“You and I…nothing.” Those were the words that echoed throughout Manhattan. Off of steel barstools and worn leather chairs, off of overpriced coffees and near-finished cocktails. They skidded through Central Park and bounced off of the Empire State Building, danced over dirty sidewalks laden with salted peanuts and lipstick-stained cigarettes, touched on stilettoed Manolo Blahniks and satin Jimmy Choos. They weaved and darted and sank and flew, and finally, after cab rides and busy streets and moments spent in cold, winter air, they found four girls sitting at a table for drinks.
The story was recounted, retold, and reexamined. He does this every time. Does he have some sort of radar? Does he sense that after days, months, maybe even years, you’re finally okay? Finally happy? Does he truly miss you, or does he simply crave you? Is it you he really wants, or just someone to hold when the sleepless nights finally become unbearable?
After drinks and an early dinner, after rehashing the six years of never changing, after thinking of her future, Carrie Bradshaw left Mr. Big behind and boarded a plane to Paris. He was the ex everyone hated, the asshole they told her to forget, the man who would never change–and so she left, never to look back again.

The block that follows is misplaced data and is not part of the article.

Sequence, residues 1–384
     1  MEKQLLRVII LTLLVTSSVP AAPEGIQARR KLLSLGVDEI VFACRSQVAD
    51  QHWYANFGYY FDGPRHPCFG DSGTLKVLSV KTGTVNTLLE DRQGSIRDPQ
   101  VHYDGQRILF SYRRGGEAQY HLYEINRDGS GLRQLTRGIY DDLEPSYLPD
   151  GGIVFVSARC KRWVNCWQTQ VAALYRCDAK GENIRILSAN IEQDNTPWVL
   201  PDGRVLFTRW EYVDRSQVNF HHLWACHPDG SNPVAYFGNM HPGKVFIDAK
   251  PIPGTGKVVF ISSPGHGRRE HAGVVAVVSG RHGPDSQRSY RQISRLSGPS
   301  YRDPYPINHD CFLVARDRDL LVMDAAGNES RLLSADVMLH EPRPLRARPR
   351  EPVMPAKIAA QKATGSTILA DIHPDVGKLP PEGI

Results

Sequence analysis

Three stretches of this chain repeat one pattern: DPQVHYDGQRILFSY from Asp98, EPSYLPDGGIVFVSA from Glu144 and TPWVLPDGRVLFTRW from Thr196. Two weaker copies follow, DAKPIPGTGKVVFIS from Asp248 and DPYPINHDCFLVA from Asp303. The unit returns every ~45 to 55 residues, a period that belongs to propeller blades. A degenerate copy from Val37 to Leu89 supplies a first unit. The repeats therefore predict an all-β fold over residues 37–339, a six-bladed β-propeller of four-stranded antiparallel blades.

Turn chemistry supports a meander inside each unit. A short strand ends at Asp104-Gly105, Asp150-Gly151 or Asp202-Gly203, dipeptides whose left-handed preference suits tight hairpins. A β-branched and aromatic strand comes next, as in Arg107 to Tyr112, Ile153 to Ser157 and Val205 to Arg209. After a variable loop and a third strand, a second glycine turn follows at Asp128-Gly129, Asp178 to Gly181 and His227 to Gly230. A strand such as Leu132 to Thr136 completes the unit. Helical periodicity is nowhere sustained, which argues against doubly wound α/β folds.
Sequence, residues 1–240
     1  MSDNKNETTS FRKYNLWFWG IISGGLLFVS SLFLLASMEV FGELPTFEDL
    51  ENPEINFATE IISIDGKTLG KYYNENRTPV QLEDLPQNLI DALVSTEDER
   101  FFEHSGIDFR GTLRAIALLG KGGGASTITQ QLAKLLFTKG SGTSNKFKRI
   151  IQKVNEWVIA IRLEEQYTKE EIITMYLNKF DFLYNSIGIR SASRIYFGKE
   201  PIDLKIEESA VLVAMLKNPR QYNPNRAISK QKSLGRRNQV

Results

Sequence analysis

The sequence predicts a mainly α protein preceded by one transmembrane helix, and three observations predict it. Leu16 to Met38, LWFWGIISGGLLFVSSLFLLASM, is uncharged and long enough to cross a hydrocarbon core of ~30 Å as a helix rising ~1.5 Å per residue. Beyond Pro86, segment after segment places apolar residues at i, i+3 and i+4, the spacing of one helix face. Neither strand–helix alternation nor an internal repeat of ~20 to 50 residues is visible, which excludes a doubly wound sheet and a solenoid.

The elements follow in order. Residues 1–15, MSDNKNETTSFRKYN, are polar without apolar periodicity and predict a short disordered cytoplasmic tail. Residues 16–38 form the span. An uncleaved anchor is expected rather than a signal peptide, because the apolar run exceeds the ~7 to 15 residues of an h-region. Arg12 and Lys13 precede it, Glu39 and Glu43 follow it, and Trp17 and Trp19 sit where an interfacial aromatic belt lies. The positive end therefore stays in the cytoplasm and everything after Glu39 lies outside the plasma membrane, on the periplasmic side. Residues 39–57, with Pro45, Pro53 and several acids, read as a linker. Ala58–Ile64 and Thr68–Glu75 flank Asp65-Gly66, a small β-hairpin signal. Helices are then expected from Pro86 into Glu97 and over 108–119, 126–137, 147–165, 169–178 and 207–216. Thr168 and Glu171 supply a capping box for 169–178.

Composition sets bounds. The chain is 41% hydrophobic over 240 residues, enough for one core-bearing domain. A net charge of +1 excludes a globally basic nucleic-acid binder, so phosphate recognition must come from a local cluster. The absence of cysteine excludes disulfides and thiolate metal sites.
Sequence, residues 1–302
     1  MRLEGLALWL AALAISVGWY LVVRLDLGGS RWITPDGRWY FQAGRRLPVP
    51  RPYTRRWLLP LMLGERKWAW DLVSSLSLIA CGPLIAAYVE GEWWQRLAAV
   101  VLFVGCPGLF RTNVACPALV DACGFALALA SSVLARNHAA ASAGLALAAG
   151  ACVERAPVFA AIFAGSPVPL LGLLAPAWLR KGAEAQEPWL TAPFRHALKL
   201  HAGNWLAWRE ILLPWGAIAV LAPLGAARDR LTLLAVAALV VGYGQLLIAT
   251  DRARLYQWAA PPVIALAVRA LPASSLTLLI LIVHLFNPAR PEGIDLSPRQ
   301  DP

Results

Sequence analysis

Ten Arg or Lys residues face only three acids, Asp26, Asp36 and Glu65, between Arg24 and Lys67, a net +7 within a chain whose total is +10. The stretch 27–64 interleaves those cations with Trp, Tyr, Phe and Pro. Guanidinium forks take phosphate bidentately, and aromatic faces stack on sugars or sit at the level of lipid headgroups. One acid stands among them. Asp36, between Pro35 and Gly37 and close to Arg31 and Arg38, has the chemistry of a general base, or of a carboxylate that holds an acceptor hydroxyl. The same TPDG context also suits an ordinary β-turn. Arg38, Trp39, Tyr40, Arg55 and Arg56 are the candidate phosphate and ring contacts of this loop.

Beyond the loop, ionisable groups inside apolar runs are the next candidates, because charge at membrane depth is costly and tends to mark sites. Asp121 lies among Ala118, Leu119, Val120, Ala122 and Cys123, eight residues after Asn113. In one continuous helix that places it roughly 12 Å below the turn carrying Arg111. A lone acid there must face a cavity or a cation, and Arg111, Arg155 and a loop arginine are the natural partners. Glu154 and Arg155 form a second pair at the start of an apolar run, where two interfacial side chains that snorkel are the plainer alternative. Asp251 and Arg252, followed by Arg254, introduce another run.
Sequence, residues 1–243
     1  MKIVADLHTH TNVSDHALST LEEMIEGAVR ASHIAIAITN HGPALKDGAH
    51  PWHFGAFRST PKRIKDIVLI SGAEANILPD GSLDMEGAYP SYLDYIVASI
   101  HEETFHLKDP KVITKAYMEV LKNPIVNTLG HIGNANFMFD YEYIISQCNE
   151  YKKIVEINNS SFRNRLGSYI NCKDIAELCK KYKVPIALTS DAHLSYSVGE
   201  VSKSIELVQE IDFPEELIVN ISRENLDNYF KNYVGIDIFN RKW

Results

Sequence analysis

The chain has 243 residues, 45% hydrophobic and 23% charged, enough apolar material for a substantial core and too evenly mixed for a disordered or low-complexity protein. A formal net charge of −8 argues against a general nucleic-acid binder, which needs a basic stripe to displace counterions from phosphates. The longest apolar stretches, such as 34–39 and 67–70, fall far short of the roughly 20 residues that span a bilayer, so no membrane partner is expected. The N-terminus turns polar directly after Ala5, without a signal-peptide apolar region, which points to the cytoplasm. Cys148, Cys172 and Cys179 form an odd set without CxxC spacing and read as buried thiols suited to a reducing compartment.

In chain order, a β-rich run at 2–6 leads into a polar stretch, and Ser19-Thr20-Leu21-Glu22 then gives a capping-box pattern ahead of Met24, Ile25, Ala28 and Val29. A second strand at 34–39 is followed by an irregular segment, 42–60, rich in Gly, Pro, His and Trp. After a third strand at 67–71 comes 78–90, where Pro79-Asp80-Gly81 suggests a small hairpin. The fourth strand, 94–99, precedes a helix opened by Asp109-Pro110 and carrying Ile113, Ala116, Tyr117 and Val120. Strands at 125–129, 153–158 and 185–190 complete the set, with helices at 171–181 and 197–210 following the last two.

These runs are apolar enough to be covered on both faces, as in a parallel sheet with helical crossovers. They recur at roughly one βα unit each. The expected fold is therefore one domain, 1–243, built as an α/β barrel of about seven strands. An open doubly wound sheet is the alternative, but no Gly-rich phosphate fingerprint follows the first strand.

For 93 episodes, “Sex and the City” was inspirational. It was real. It was independent, motivational, chic, sexy, hilarious. It was thought-provoking and it showed us–this wannabe Cosmo-drinking, nicotine-addicted, designer-clad generation–that we could be (and do) anything we wanted. We learned that women could be influential and commanding, and that being a bitch is more than okay. We learned that sex was power and power was money and money was sex. We soaked in the language, the haircuts, and the motherfucking power walks. We wanted to love ‘em and leave ‘em, and we knew better than to expect a man to save us.
And in the 94th episode, all of that–everything we learned–was shot to shit. In the 94th episode, we, the wannabe Cosmo-drinking, nicotine-addicted, designer-clad generation, decided that maybe we didn’t need the company credit cards or the power suits or the independence. Maybe we didn’t want to love ‘em and leave ‘em. And maybe, just maybe, we actually didn’t know better than to expect a man to save us. Big saved Carrie. Why couldn’t he save us?
And so we did. If Carrie did it, so could we.
We waited for things to change, waited for things to get better. We waited for answers and apologies and absolutions that, quite frankly, never came. We waited for happy endings, Prince Charming, and a penthouse apartment filled with designer shoes–but we never got it. “Sex and the City” lied: love does not conquer all, shoes will never stretch, and men do not change. For 93 episodes, we were taught to be smart, successful women. With the 94th, we became believers in fairytales. Unfortunately for us, fairytales don’t come true.